9. News Article
    Technology and healthcare companies are racing to roll out new tools to test for and eventually treat the coronavirus epidemic spreading around the world. But one sector that is holding back are the makers of artificial-intelligence-enabled diagnostic tools, increasingly championed by companies, healthcare systems and governments as a substitute for routine doctor-office visits. In theory, such tools, sometimes called “symptom checkers” or healthcare bots,sound like an obvious short-term fix: they could be used to help assess whether someone has Covid-19, the illness caused by the novel c
  10. Content Article
    The use of artificial intelligence (AI) in patient care can offer significant benefits. However, there is a lack of independent evaluation considering AI in use. This paper from Sujan et al., published in BMJ Health & Care Informatics, argues that consideration should be given to how AI will be incorporated into clinical processes and services. Human factors challenges that are likely to arise at this level include cognitive aspects (automation bias and human performance), handover and communication between clinicians and AI systems, situation awareness and the impact on the interaction wi
  11. Content Article
    This report covers research that has been conducted by NHSX and a great number of partners across the digital health ecosystem into: What AI is and where it's being used. How to govern AI. How to protect patient safety. How to support the workforce. How to encourage adoption and spread. The results of this research ultimately lead us to the conclusion that the creation of the Lab will be essential if we are to capitalise on the opportunities identified, whilst mitigating the risks.
  12. News Article
    Artificial intelligence can diagnose brain tumours more accurately than a pathologist in a tenth of the time, a study has shown. The machine-learning technology was marginally more accurate than a traditional diagnosis made by a pathologist, by just 1%, but the results were available in less than 2 minutes and 30 seconds, compared with 20 to 30 minutes by a pathologist. The study, published in Nature Medicine, demonstrates the speed and accuracy of AI diagnosis for brain surgery, allowing surgeons to detect and remove otherwise undetectable tumour tissue. Daniel Orringer, an Ass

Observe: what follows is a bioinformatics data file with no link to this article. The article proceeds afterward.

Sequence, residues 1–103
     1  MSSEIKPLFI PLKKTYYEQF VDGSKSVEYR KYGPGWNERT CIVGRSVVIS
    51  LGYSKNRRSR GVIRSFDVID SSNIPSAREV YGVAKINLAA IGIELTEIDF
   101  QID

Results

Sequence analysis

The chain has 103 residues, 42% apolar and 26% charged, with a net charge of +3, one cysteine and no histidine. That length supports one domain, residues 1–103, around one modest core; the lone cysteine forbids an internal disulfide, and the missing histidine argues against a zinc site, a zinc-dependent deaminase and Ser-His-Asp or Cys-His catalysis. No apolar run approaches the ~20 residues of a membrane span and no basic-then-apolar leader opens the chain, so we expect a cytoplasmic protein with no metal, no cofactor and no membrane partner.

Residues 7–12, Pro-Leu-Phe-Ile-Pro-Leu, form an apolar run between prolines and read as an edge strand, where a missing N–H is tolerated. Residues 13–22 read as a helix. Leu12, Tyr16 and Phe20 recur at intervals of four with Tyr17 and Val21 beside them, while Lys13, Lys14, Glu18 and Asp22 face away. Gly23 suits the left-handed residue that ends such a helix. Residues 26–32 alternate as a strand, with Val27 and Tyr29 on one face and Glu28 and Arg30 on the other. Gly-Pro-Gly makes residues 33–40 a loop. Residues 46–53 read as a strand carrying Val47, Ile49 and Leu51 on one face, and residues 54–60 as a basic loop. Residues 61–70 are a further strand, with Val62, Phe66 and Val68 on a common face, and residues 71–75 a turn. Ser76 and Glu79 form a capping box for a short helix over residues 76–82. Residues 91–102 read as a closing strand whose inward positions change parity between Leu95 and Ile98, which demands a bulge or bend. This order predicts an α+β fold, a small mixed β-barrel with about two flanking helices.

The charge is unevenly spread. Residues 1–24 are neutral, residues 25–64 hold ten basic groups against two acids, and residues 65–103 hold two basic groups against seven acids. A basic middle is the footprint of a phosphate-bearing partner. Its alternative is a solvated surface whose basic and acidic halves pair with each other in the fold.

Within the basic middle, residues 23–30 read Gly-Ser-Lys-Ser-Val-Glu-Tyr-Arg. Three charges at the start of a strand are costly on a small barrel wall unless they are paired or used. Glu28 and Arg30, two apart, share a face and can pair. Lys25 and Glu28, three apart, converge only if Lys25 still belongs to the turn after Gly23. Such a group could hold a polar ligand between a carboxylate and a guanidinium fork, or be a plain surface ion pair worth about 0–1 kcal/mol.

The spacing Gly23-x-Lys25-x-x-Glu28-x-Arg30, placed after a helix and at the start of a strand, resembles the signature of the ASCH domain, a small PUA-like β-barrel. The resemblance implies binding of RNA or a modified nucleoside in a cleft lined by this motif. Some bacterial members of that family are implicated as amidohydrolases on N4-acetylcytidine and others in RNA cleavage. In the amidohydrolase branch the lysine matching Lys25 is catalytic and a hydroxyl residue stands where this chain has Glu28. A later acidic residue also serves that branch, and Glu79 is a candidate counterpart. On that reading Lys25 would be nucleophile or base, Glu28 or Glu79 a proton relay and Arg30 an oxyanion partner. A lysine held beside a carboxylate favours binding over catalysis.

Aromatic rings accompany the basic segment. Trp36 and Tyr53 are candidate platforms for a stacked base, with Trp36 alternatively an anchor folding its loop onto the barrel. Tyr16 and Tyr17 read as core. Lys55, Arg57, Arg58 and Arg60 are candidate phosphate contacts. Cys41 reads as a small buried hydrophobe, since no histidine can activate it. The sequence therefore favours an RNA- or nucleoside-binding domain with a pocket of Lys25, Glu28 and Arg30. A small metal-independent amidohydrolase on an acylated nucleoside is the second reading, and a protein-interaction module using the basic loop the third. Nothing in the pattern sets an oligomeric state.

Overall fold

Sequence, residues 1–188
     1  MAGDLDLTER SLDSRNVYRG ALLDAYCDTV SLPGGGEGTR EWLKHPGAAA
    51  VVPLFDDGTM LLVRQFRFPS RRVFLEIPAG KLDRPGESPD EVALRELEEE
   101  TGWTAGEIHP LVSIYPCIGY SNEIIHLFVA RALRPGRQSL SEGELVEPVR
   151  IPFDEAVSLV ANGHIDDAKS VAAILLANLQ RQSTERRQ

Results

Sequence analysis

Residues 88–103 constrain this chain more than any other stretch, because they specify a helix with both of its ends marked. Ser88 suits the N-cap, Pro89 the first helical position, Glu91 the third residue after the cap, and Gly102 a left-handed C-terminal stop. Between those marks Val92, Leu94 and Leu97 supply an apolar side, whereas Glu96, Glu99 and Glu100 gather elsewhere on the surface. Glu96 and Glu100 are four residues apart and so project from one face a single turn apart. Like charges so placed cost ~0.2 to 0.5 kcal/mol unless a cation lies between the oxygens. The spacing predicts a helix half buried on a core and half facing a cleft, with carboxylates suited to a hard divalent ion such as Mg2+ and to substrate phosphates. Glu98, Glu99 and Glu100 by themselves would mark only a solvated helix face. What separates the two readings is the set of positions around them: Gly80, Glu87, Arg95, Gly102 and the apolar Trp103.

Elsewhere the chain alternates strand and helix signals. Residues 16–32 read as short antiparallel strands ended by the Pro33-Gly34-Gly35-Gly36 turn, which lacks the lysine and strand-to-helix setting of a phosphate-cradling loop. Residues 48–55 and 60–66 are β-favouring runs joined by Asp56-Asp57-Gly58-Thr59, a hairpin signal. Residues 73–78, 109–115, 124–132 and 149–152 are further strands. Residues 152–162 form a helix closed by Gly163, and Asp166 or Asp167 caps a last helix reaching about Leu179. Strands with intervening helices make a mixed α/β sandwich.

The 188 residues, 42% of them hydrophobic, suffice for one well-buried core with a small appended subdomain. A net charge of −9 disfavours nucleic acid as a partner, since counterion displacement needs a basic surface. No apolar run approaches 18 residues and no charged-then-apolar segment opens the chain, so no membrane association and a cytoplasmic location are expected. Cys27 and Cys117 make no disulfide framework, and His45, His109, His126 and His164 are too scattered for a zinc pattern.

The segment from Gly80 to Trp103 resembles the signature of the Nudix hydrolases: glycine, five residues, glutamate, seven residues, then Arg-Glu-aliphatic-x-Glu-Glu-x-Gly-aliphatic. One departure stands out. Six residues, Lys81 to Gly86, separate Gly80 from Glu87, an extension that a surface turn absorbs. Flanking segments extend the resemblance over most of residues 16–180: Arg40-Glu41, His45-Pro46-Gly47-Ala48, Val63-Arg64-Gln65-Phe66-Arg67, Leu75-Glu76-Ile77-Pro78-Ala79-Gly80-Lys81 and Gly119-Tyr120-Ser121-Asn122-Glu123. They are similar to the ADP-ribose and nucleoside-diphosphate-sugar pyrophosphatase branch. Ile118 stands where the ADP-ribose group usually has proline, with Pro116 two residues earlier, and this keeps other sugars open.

13. Community Post
    Artificial Intelligence is creating a lot of buzz in the US and around the world. This perspective from the US site AHRQ Patient Safety Net explores a range of issues that could affect the uptake artificial intelligence systems in health care. What do hub members think? Are we destined to encounter Hal (from 2001: a Space Odyssey) or Samantha (from Her)? Emerging safety issues in artificial intelligence
  14. News Article
    In his latest blog post, Matthew Gould, CEO of NHSX, has reiterated the potential AI has to reduce the burden on the NHS by improving patient outcomes and increasing productivity. However, he said there are gaps in the rules that govern the use of AI and a lack of clarity on both standards and roles. These gaps mean there is a risk of using AI that is unsafe and that NHS organisations will delay employing AI until all the regulatory gaps have been filled. Gould says, “The benefits will be huge if we can find the sweet spot” that allows trust to be maintained whilst creating the freedom fo
  15. News Article
    In a keynote speech at the Healthtech Alliance on Tuesday, Secretary of State for Health and Social Care, Matt Hancock, stressed how important adopting technology in healthcare is and why he believes that it is vital for the NHS to move into the digital era. “Today I want to set out the future for technology in the NHS and why the techno-pessimists are wrong. Because for any organisation to be the best it possibly can be, rejecting the best possible technology is a mistake.” Listing examples from endless paperwork to old systems resulting in wasted blood samples, Hancock highlights
  16. Content Article
    CARS estimates the risk of death following emergency admission to medical wards using routinely collected vital signs and blood test data. The aim of the study was to elicit the views of: Healthcare practitioners (staff) and service users and carers on the potential value, unintended consequences and concerns associated with CARS. Practitioner views on the issues to consider before embedding CARS into routine practice.